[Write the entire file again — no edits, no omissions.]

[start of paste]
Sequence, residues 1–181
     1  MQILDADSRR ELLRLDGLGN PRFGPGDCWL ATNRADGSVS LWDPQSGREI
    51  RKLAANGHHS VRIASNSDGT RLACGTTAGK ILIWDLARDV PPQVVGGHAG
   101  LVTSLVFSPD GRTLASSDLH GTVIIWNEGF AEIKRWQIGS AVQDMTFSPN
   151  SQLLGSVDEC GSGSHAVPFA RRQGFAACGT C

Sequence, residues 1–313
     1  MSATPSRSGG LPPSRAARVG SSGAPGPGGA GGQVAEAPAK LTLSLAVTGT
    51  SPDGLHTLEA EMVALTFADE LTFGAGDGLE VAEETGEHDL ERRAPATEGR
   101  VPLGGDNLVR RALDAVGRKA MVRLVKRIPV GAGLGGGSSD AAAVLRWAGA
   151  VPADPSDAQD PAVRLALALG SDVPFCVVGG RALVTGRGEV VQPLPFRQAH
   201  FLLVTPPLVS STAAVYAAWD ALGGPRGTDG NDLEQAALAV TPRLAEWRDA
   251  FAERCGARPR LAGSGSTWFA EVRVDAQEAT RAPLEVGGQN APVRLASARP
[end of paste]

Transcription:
Sequence, residues 1–181
     1  MQILDADSRR ELLRLDGLGN PRFGPGDCWL ATNRADGSVS LWDPQSGREI
    51  RKLAANGHHS VRIASNSDGT RLACGTTAGK ILIWDLARDV PPQVVGGHAG
   101  LVTSLVFSPD GRTLASSDLH GTVIIWNEGF AEIKRWQIGS AVQDMTFSPN
   151  SQLLGSVDEC GSGSHAVPFA RRQGFAACGT C

Sequence, residues 1–313
     1  MSATPSRSGG LPPSRAARVG SSGAPGPGGA GGQVAEAPAK LTLSLAVTGT
    51  SPDGLHTLEA EMVALTFADE LTFGAGDGLE VAEETGEHDL ERRAPATEGR
   101  VPLGGDNLVR RALDAVGRKA MVRLVKRIPV GAGLGGGSSD AAAVLRWAGA
   151  VPADPSDAQD PAVRLALALG SDVPFCVVGG RALVTGRGEV VQPLPFRQAH
   201  FLLVTPPLVS STAAVYAAWD ALGGPRGTDG NDLEQAALAV TPRLAEWRDA
   251  FAERCGARPR LAGSGSTWFA EVRVDAQEAT RAPLEVGGQN APVRLASARP